Use this URL to cite or link to this record in EThOS: http://ethos.bl.uk/OrderDetails.do?uin=uk.bl.ethos.718793
Title: The effect of patient and tumour genetics on survival from melanoma
Author: Mangantig, Ernest
Awarding Body: University of Leeds
Current Institution: University of Leeds
Date of Award: 2017
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Abstract:
The American Joint Committee on Cancer (AJCC) staging system based on tumour histopathological characteristics (Breslow thickness, ulceration and mitotic rate) is used in clinical practice to assess melanoma patients’ prognosis. Although a reasonable predictor of deaths from melanoma (area under the curve 0.68), AJCC staging does not always provide an accurate assessment of individual risk. Recent studies have shown that gene expression levels within the tumour are associated with survival from melanoma, and there is also preliminary evidence that a patient’s genotype may influence survival. Combining clinical data with gene expression data may improve prediction, but so far no study has analysed the combined effects of the three different types of factor on melanoma-specific survival (MSS). This study used patient and tumour characteristics, whole-genome gene expression levels, and genome-wide single nucleotide polymorphism (SNP) data to identify predictors of MSS in a training set of ~2000 patients from the Leeds Melanoma Cohort (LMC). The selected clinical and genomic predictors were combined to build melanoma prognostic models in a test set of 190 patients from LMC, using several approaches. In addition, heritability of survival from melanoma and of Breslow thickness (the most important predictor of MSS) was estimated using genome-wide SNP data. In the training set, five established clinical predictors (age, sex, tumour site, Breslow thickness and presence of ulceration) were associated with MSS; in addition penalized Cox regression identified 16 gene expression levels and 13 SNPs predictive of MSS. In the test set, the selected genomic predictors did not substantially improve on the predictive performance of the clinical factors. The 16 gene expression levels were also predictive, but were highly correlated with the clinical predictors, especially Breslow thickness, suggesting gene expression influences MSS through clinical predictors. The heritability analyses in this study provided some evidence that germline SNPs influence Breslow thickness.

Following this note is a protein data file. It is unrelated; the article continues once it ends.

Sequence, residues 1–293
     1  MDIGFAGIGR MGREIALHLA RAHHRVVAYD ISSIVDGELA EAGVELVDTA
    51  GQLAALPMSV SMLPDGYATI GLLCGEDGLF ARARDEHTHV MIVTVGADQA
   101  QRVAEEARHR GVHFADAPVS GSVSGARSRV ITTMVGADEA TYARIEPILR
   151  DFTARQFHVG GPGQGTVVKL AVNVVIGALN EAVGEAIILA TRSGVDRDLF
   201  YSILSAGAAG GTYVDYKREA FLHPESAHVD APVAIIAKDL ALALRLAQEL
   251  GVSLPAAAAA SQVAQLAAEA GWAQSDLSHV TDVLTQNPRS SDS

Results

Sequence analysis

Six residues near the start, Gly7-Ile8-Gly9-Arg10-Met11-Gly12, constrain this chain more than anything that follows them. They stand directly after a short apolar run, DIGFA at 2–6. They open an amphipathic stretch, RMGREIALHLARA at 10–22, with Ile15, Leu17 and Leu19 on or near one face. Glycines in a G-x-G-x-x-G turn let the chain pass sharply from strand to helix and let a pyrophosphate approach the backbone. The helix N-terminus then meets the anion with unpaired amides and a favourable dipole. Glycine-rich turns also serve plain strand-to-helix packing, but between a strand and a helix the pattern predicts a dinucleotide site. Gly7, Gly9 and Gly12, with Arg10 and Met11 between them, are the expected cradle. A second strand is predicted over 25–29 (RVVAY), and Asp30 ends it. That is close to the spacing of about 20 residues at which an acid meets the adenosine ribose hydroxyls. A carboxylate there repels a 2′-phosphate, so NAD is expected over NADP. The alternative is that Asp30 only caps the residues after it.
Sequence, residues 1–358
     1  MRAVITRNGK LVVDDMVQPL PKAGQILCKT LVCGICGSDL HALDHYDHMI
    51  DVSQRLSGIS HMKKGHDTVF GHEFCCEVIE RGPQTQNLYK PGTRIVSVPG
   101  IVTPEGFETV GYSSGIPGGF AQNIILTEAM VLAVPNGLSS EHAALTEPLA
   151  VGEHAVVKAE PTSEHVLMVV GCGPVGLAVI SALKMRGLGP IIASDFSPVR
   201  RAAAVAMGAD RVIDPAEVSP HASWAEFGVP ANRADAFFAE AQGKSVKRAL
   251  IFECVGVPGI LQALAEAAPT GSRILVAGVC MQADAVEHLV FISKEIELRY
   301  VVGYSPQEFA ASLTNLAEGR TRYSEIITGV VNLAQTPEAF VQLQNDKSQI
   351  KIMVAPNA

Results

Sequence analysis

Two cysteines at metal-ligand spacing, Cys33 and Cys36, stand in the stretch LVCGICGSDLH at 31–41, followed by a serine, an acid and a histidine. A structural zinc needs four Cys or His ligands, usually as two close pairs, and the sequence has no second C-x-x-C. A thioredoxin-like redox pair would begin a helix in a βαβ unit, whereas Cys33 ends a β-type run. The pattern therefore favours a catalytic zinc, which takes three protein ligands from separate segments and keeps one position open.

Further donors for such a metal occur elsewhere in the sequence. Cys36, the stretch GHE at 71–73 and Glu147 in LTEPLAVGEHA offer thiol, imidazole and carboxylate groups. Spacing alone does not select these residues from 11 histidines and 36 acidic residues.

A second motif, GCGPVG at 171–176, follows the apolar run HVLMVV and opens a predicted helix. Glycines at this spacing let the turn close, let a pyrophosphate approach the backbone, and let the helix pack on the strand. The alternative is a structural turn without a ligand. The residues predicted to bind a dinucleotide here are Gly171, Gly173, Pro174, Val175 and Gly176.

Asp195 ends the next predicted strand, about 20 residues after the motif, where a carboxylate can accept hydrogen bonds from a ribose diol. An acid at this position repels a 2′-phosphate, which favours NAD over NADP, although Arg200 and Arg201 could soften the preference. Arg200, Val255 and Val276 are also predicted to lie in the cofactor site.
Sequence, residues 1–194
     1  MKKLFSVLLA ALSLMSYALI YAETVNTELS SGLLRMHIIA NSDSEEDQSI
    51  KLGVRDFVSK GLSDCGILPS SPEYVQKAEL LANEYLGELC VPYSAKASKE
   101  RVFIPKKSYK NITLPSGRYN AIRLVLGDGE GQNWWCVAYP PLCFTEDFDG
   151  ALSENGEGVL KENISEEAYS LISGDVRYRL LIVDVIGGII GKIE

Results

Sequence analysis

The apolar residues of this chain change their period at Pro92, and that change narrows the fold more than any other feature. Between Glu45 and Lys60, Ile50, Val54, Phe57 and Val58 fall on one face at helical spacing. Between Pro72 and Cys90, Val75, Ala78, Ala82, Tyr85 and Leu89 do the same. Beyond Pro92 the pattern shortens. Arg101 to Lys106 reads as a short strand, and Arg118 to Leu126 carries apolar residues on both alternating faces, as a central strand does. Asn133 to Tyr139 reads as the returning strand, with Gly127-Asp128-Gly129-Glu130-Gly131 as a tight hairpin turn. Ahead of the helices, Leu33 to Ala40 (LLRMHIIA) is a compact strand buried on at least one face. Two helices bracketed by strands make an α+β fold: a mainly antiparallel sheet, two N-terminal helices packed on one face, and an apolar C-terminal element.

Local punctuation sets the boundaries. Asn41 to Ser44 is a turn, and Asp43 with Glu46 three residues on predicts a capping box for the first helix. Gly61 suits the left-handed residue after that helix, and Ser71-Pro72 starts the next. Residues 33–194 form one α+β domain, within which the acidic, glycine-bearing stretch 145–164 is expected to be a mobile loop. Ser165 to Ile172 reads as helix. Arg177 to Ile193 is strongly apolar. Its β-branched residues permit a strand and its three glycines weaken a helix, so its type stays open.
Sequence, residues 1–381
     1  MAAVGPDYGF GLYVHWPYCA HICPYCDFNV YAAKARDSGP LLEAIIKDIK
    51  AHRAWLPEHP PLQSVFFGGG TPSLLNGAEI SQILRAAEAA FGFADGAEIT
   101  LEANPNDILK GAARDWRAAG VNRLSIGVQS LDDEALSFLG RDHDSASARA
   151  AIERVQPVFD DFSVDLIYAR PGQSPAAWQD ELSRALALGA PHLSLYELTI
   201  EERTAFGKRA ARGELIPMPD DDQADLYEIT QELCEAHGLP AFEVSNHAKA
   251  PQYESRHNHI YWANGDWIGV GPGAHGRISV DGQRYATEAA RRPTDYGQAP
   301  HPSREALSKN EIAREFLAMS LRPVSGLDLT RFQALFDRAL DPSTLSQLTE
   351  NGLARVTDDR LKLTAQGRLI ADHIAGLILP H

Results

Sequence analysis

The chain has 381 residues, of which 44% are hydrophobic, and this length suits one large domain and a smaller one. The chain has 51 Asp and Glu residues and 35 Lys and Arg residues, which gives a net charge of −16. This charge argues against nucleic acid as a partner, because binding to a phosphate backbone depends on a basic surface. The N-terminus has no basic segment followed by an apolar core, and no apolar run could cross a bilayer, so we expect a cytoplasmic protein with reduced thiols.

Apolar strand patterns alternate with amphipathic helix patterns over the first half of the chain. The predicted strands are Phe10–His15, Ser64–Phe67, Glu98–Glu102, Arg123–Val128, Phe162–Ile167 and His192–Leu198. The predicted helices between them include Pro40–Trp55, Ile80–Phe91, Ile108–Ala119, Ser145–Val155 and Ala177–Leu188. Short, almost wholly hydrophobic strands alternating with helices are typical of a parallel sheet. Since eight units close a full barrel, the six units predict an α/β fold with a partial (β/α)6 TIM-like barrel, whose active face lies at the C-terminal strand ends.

Supervisor: Barret, Jenny ; Iles, Mark ; Bishop, Tim Sponsor: Not available
Qualification Name: Thesis (Ph.D.) Qualification Level: Doctoral
EThOS ID: uk.bl.ethos.718793  DOI: Not available
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